Ohio History Journal

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Homeopathy and Sexual Equality:

The Controversy Over Coeducation

at Cincinnati's Pulte Medical

College, 1873-1879



The number of women physicians in the United States increased

dramatically during the late nineteenth century. From a mere 200

or less in 1860, their ranks swelled to over 7,000 by 1900.1 In Ohio,

the number of female doctors grew from 42 to 451 in the last three

decades of the century.2 Although reliable statistics are not avail-

able, it has been estimated that a majority of these women in Ohio

and elsewhere were trained in schools sponsored by groups of physi-

cians who dissented from orthodox medical therapy and were

branded as irregular sects by the American Medical Association.3

Homeopathy, a major dissenting sect which advocated extremely

small doses of medication, provided much of this early educational

opportunity.4 In Ohio, for example, the second woman to receive an



William Barlow is Professor of History at Seton Hall University and David O.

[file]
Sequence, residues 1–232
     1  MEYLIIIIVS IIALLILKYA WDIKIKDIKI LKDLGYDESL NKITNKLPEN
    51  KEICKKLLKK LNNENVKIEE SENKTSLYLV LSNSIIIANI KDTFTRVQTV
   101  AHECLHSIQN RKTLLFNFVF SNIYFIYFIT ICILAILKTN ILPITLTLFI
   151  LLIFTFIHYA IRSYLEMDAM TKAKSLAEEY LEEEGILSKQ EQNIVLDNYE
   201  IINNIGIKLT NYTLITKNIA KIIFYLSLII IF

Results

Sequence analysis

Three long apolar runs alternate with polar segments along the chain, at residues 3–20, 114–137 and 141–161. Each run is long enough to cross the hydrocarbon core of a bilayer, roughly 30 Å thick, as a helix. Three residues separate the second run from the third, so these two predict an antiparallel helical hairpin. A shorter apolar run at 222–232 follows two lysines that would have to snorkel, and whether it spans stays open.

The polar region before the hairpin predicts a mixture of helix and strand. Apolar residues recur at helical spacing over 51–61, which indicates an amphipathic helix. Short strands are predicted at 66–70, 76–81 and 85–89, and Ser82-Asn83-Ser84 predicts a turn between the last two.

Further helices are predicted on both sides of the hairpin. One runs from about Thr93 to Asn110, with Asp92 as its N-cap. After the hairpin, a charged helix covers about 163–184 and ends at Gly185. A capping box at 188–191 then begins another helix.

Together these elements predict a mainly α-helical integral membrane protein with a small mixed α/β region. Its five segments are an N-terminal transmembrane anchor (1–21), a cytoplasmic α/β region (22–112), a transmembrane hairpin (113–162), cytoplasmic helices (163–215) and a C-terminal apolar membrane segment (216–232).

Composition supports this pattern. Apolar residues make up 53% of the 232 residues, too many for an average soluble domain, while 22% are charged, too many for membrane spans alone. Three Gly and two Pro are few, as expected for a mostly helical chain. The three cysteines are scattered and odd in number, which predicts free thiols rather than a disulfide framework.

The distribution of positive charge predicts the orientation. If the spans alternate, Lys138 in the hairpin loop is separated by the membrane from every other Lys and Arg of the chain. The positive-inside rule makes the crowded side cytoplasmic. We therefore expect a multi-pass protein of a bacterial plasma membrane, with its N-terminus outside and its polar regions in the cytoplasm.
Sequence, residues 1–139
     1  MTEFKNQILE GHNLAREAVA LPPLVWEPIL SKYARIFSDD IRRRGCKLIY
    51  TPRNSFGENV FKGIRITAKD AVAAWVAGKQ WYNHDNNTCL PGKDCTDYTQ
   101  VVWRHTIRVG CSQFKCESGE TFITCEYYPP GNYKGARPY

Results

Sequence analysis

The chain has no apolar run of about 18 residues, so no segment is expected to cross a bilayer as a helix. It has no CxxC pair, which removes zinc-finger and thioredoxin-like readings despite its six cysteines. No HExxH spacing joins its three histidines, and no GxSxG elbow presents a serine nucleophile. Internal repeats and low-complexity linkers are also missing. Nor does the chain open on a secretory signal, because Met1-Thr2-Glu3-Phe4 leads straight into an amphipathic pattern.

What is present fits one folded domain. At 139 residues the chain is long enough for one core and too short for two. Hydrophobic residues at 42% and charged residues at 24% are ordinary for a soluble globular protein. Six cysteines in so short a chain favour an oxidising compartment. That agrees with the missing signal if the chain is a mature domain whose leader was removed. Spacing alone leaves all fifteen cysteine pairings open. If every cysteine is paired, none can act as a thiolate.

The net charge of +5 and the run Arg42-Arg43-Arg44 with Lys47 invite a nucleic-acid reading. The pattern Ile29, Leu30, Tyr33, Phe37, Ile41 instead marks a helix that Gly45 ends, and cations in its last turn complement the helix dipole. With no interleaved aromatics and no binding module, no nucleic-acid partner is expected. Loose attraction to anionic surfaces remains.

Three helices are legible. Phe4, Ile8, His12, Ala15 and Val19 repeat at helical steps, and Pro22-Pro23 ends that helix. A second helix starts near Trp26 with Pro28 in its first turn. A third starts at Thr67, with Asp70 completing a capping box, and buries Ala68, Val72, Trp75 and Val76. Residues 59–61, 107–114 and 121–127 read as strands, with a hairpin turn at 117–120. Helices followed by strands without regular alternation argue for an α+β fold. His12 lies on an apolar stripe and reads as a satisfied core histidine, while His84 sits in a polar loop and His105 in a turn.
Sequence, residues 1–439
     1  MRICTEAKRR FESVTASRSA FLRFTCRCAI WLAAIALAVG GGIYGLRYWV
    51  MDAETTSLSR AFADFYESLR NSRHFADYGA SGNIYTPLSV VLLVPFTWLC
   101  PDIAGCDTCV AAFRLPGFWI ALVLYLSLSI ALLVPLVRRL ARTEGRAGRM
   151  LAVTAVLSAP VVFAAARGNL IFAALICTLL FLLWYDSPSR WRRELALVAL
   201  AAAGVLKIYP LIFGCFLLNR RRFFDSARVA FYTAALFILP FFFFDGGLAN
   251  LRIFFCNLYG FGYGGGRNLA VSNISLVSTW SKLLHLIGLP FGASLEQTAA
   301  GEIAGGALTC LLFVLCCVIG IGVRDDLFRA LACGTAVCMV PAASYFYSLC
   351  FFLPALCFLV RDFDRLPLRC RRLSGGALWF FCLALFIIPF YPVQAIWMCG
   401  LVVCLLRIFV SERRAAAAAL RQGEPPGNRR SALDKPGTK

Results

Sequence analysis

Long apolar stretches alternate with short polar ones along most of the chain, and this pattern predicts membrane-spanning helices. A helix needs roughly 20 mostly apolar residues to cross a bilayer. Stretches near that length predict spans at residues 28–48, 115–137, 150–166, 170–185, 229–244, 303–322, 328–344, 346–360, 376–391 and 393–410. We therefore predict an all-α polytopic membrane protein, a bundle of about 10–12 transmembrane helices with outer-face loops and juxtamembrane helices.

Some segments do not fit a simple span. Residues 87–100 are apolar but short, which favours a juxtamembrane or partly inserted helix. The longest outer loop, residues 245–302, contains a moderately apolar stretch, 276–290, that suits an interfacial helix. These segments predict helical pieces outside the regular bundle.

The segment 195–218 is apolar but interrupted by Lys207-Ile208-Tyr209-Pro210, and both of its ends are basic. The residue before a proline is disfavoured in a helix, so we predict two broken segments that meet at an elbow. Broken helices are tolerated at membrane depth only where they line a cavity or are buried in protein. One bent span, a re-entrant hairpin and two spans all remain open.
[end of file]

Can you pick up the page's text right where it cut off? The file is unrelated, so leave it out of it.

Powell is Professor of History at C.W. Post Center, Long Island University. The

authors wish to acknowledge the support of the American Philosophical Society,

Penrose Fund, Grant Number 8438. A shortened version of the paper was read at a

joint meeting of the Ohio Medical Association and the Ohio Academy of Medical

History, Columbus, Ohio, May 15, 1979.


1. Mary Roth Walsh, "Doctors Wanted: No Women Need Apply": Sexual Barriers in

the Medical Profession, 1835-1975 (New Haven, 1977), 186.

2. Frederick C. Waite, "Ohio Physicians in the Nineteenth Century, A Statistical

Study," The Ohio State Medical Journal, XL (August, 1950), 791-92.

3. Carol Lopate, Women in Medicine (Baltimore, 1968), 6.

4. Homeopathy was one of several medical sects which emerged in the first half of

the nineteenth century and were considered irregular because of their rejection of the

heroic therapy then practiced by most orthodox physicians. Heroic medicine consisted

of extensive bleeding, blistering, and sweating, together with drastic purging and

puking induced by massive doses of calomel and other toxic substances. In contrast,

homeopathy was based on the law of infinitesimals-the smaller the dose the more

effective the result-and provided welcome relief to many patients formerly subjected

to the heroic regimen. Becoming popular and somewhat fashionable in the middle